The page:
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taekwondomom
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Joined: 03 Apr 2005
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PostPosted: Mon Jun 13, 2005 8:23 am    Post subject: important topic! Reply with quote

Hello Ninjanurse--
Your article really brought up some important issues in teaching, especially in teaching something like martial arts, where students gain power over others. Seems like anytime you do this, you really need to think about the social responsibility of the teacher!

(I teach college-level writing, and I consider what I do very similar--I help students learn to handle the power of language!)

I wonder if you or anyone here has run across the Martial Arts for Peace website. The founder, Terrance Webster-Doyle, is committed to using Martial Arts (he does Karate) as a way to promote peace. Do you or anyone else teach conflict resolution in classes?

Thanks for your thoughtful article.
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ninjanurse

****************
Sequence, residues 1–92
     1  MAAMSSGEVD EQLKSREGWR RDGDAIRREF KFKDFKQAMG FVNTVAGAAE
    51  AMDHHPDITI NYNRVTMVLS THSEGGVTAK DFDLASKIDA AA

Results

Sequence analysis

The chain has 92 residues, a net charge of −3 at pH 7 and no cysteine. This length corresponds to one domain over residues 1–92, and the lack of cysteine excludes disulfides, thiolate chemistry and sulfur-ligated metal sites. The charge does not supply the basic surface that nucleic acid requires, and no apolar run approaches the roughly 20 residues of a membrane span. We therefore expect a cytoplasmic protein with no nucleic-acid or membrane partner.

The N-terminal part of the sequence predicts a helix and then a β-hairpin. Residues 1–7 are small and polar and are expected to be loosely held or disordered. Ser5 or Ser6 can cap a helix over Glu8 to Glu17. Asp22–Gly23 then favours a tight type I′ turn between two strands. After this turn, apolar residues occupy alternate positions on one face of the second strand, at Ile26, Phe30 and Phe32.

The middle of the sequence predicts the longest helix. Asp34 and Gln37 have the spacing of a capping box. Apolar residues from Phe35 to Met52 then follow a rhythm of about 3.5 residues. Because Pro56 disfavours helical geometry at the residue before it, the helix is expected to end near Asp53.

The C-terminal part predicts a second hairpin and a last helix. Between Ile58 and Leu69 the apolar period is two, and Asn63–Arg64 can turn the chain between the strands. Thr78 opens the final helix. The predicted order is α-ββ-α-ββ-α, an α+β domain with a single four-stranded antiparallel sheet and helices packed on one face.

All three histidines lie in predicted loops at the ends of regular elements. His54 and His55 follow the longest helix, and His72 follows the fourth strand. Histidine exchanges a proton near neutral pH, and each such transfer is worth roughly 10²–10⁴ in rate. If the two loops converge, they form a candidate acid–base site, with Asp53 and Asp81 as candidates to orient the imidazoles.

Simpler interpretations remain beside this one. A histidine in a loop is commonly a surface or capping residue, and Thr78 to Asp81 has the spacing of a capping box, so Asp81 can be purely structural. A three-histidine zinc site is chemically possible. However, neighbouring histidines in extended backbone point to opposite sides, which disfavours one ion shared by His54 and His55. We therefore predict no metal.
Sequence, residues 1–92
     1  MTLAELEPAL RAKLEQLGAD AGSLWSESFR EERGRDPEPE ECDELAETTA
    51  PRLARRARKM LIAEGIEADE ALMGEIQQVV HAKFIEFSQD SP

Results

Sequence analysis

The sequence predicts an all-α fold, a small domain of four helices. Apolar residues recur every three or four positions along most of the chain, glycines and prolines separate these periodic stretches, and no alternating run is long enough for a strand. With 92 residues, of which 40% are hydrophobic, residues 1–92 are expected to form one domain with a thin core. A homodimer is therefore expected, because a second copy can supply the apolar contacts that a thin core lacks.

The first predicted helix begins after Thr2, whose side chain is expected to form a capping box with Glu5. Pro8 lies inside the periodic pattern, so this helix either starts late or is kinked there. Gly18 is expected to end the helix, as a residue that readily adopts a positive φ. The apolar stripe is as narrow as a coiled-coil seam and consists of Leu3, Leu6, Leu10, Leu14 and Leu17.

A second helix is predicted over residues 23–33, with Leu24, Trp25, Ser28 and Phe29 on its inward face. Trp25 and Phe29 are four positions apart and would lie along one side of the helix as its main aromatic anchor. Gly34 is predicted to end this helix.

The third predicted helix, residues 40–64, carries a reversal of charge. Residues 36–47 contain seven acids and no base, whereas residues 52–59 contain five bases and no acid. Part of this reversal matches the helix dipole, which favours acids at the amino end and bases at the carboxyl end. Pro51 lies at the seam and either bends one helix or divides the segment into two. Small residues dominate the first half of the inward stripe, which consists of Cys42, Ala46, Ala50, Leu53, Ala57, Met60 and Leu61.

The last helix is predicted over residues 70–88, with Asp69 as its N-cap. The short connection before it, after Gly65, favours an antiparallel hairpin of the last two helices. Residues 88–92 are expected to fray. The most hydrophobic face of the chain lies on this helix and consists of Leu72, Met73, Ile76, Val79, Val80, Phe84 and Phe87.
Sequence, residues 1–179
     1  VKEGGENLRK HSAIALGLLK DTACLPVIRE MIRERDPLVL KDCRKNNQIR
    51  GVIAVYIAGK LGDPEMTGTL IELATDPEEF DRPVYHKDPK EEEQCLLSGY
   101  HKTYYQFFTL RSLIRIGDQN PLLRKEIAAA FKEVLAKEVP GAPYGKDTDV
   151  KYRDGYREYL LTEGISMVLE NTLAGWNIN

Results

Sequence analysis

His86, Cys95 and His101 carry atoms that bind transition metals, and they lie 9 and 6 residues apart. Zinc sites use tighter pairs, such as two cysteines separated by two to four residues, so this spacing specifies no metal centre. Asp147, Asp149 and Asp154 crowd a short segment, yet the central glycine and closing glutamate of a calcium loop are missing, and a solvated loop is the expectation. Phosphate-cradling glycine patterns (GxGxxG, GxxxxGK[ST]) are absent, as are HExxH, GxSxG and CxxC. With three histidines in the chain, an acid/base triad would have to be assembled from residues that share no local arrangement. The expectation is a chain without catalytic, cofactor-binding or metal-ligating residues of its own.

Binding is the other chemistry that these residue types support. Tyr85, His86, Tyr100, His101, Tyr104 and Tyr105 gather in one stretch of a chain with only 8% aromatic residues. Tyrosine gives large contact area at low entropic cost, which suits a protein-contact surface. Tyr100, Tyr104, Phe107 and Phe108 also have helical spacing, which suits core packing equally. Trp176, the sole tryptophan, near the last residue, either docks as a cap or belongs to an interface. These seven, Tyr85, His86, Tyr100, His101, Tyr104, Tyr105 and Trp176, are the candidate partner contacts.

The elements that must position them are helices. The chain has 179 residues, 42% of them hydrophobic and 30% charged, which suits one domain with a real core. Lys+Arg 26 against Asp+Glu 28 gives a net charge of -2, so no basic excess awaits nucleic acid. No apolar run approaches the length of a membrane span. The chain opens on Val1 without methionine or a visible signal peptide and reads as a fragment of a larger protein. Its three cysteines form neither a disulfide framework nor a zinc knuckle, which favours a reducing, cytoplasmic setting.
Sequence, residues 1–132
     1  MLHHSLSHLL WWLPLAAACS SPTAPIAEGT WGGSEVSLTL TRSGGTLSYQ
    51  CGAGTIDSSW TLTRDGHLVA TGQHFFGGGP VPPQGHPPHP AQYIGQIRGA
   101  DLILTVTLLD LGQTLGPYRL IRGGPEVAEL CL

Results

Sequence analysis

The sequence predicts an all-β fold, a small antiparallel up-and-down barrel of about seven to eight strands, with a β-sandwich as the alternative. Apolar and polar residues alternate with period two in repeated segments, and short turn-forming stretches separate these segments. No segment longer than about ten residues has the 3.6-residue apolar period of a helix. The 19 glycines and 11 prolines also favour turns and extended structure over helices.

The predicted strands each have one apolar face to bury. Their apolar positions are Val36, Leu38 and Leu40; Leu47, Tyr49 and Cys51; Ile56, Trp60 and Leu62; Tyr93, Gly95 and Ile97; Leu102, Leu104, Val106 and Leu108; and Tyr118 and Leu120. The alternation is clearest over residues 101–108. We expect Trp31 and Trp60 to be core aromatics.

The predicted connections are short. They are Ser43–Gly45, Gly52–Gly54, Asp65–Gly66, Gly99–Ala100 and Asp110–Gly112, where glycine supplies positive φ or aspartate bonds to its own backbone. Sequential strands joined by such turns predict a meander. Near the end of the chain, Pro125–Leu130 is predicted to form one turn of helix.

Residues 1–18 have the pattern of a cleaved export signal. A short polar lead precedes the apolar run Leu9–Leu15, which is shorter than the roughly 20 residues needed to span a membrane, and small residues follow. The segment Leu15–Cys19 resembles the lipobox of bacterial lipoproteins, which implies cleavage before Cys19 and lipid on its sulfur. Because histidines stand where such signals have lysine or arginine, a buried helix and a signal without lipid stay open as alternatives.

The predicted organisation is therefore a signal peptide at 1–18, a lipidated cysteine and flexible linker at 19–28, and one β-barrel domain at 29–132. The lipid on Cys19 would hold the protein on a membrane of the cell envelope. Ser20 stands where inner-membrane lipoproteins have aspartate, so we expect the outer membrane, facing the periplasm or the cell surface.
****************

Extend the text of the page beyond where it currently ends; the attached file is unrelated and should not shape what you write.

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PostPosted: Mon Jun 13, 2005 8:45 am    Post subject: Reply with quote

We taught Mr. Doyle's program in my former school. I have read his books too. My new school does not use his material but does teach/encourage peaceful conflict resolution.



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bushido_man96
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PostPosted: Thu Nov 23, 2006 4:56 am    Post subject: Reply with quote

Great article, Heidi.
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shukokai2000
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PostPosted: Fri Dec 08, 2006 3:49 pm    Post subject: Reply with quote

"WOW" you certanly done your home work